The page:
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This thread is really good. As a cradle Catholic and having gone through both Catholic grade school and high school, I never even knew the Eastern Catholic Churches EXISTED until a few years ago. I think this is a huge fault of the larger Roman Catholic Church to teach about ALL of the Churches that are in communion with the Pope. To a degree, I feel a bit cheated to not have known about the other traditions in our Church, because if I did, I would have been in an Eastern Rite Church a long time ago.

I guess in a way, Eastern Catholics may have the most success in evangelizing (not sure if that is the right word, perhaps it’s more of educating?) Latin Rite Catholics who a) don’t know they exist or know very little about them, b) who are not fulfilled by the Ordinary form Mass but still find the Tridentine Mass too cold and unitelligible and c) who (I’d say this is my category) are more aligned with the spirituality and theological emphasis of the Eastern Churches compared to the West. Presence in these forums is a good start. Social media in these days, even just general conversation with fellow Catholics.

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For those reasons I’m sure there will always be some curious Romans who look East. To truly expand the great commission I feel that those liturgical traditions which have many Arabic native speakers are uniquely situated to evangelize Muslims. Since there are now more Muslims than Catholics, this has become urgent. That is of course immensely challenging for complex political and historical reasons; but, if Jesus wants his church to grow, that seems to be a ripe field for sowing the gospel. Language is powerful, and Islam especially reveres Arabic; but they do not have a monopoly on the worship of Allah.

I agree with a lot of your points here. On the one hand, the Western Thomistic / scholastic approach has been instrumental in apologetics and in speaking to the modern world about how to rationally view the existence of God, the origins of creation, and the reasons for Catholic positions on abortion and marriage, for example. It provides a framework for rationalizing decisions in the Church, and why or why not certain theological proposals can be approved by having an almost scientifically rigorous process with which to subject them.

But, the over-emphasis of Aquinas, and even too much of the “faith and reason” approach - at least to me - fails in ultimately inspiring a deeper and more mystical prayer life. Over-scholasticism can make the faith more of an academic and intellectual process and investigation than a true spiritual journey. I think this is a major difference, in that the Eastern Churches seem to cultivate a sense of journey towards God, a progress through the spiritual life borne out of love for God and fellow man more than the Latin Rite does. I am oversimplifying a lot here, I know.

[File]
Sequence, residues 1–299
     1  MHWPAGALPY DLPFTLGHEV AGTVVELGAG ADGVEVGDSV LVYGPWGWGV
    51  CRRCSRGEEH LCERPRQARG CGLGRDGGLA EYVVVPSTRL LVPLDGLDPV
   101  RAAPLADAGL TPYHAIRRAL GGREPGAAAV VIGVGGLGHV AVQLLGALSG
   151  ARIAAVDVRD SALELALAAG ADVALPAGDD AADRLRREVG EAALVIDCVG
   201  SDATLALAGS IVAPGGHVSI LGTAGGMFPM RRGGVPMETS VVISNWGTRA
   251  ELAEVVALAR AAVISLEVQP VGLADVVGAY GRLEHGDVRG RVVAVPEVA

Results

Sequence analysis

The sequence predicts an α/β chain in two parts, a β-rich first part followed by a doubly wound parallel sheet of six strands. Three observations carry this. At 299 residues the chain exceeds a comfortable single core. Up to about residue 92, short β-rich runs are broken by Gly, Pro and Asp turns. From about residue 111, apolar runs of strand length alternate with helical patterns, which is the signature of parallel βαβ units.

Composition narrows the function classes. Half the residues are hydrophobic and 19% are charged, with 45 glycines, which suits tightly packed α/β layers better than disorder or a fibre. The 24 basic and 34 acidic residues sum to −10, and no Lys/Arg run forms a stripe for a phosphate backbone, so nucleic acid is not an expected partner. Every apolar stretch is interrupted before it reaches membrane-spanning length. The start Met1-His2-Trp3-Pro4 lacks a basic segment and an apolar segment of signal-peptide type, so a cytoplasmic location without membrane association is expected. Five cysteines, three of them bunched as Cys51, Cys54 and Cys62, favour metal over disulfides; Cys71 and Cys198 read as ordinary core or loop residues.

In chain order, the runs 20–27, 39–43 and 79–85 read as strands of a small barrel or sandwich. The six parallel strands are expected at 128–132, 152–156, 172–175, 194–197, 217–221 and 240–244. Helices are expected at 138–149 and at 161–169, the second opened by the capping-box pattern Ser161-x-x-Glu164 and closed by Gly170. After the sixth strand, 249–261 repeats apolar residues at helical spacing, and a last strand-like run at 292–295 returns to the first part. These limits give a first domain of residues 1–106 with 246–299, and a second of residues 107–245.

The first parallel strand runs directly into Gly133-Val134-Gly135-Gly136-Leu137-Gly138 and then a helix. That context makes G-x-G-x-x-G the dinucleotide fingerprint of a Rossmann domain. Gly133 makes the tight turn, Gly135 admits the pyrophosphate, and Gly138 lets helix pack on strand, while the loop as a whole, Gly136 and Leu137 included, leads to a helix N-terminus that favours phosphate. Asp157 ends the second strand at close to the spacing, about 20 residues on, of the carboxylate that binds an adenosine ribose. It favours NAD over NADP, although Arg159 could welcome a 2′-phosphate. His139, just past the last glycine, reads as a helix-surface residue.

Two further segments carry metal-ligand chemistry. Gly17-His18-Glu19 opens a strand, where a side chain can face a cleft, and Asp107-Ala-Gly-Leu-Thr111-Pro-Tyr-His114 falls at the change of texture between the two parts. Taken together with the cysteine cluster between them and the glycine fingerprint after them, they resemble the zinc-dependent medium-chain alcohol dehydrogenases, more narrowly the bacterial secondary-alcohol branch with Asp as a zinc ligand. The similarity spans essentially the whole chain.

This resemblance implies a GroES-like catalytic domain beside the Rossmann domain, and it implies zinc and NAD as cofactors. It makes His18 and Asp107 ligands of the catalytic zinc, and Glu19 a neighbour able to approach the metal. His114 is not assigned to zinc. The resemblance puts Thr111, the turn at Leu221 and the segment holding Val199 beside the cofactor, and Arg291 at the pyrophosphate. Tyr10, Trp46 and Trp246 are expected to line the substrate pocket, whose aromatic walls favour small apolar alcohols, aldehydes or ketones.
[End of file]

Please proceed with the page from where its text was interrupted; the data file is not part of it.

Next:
I also think that the Latin Rite emphasizes the Passion and Death of Christ while the East more so emphasizes the Resurrection. These differences seem to play into each side’s theological personality quite clearly, at least to me. The West’s emphasis on the Passion imbues the believer with the sense that “I am not worthy of the Lord’s sacrifice; therefore I need to be obedient to the Church’s teachings to make myself worthy.” Whereas the East’s emphasis on the Resurrection encourages more joyful desire of wanting to make oneself draw closer to the Resurrected Christ. I realize my thoughts here are not all-encompassing, but I think the Eastern Churches promote a more joyful and mystical spirituality than the West.

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This brings up a good point. The reason that some of our Eastern Liturgies are in Arabic is because the East has a long-standing tradition of liturgy in the vernacular. This is a practice that the West, at Vatican II, decided to opt for as well.

I think a big part of the reason our liturgies ought to be in the vernacular is because of the catechetical nature of our liturgical services. The East teaches through the hymns and poetry of the Liturgy.

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I’m just passing by, but great topic, and God bless your efforts!

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Volume 1 resurfaced for me just this week, and I made the mistake of turning to page 251 and began reading the 100 texts on Spiritual Knowledge and Discrimination… The intro does not mislead when it says that he is a very subtle writer and not easy to grasp - Downright slippery… He is writing from personal memory descriptively, so his only mistakes will be ones of memory, and I don’t think his memory is at all deficient… My Goodness! I had to put it down… It is just too wonderful…

geo